Equinix, which operates more than 105 data centers around the world, has agreed to buy solar energy to power its operations in California.
The move, announced on Wednesday, shows how the world’s largest Internet companies—many of which buy data center services from Equinix (EQIX)—are increasingly interested in clean energy-powered web services. Equinix customers include Google (GOOG), Adobe (ADBE), Akamai (AKAM), and Microsoft (MSFT).
Equinix’s executive in charge of its North American operations, Karl Strohmeyer, told Fortune that the company has had considerable demand from its customers for data center services powered by clean energy. “With their help and the lessons they’ve learned, it feels like there’s been momentum in the past year to get this done,” said Strohmeyer. He declined to name Internet customers requesting clean energy.
In recent years huge tech companies like Google and Apple (AAPL) have invested in both building and buying electricity from U.S. solar and wind farms. One reason is that clean energy is now much more affordable than it used to be. Solar and wind technologies have gotten considerably cheaper, while clean power project developers have started to more aggressively court and create deals for the large Internet companies.
Google and Apple are also interested in clean energy partly as a way to lower their overall carbon emissions. In addition, the Internet giants are interested in maintaining an environmental image with the public and with current and potential employees.
Equinix plans to buy 105 megawatts of solar power from a large solar panel farm to be built near San Diego. That’s enough energy to operate Equinix’s 12 data centers in the state, as well as the company’s Silicon Valley headquarters.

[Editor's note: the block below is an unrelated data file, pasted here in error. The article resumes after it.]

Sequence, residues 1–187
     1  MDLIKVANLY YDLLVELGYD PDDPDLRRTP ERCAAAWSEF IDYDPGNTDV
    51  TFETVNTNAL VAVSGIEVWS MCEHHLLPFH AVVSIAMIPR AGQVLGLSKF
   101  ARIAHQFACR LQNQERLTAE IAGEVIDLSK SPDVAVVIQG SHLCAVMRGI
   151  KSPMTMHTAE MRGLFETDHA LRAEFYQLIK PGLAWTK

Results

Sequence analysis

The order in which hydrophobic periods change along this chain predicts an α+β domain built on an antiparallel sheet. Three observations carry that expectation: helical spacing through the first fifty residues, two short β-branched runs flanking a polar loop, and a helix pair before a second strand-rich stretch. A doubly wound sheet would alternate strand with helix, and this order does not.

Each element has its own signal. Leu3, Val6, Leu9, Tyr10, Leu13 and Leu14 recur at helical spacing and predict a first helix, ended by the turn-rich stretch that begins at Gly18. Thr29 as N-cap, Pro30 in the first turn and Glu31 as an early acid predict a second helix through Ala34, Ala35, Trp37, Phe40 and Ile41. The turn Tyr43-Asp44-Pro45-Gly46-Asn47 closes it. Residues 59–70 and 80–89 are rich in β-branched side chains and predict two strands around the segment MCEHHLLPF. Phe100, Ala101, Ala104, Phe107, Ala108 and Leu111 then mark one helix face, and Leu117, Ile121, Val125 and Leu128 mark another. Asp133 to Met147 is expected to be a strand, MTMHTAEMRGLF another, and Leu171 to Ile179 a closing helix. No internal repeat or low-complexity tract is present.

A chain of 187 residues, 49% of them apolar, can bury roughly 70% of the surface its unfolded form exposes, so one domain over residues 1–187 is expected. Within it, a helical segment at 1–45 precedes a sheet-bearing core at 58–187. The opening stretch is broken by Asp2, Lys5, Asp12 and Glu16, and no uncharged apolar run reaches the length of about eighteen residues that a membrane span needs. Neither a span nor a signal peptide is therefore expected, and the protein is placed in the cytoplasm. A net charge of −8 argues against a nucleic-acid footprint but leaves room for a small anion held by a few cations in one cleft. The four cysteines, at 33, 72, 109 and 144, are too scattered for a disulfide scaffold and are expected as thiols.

Clean energy giant SunEdison will develop the solar farm, which is expected to provide power by the end of 2016.
SunEdison and Equinix structured the deal in an arrangement called a “power purchase agreement,” whereby Equinix has agreed to pay an undisclosed price for the solar electricity over a set amount of time, usually between 15 and 20 years. The energy won’t directly power Equinix’s data centers or its headquarters, but will deliver power to the local southern California power grid.
This type of power purchase agreement is commonly called a “virtual power purchase agreement.” A company buys electricity in one place, and adds the equivalent electricity to the grid in another place. Apple and Google have both used this type of deal to buy solar and wind energy to power data centers.
With Equinix’s new solar deal, it can claim 43% of its data centers are powered by clean energy. The company has a goal to power all of its data centers with clean energy down the road.
Equinix has invested in other forms of cleaner power for its data centers before. Earlier this year, Equinix bought a handful of fuel cells from Silicon Valley startup Bloom Energy.
Fuel cells generate electricity using a chemical process by combining fuel (using either natural gas or biogas), air and a metal catalyst. Equinix is operating its fuel cells on biogas, which is produced by the breakdown of organic matter.
Adding clean energy outside of California might prove to be more difficult than purchasing it in the state. Electricity generated by large solar panel farms is at its cheapest time in history in California and other southwestern states like Nevada. These states have ample sun and aggressive mandates to support clean energy.
As a result, California is home to some of the world’s largest solar deals. Apple plans to spend $850 million on energy from a solar farm that First Solar is building in California. That’s the largest deal ever to supply clean power to a commercial user.
Equinix has data centers across 33 countries, and also operates a number of interconnection points that enable Internet providers to hook into various services. Even the huge cloud providers that have their own data centers plug into Equinix’s interconnection facilities.
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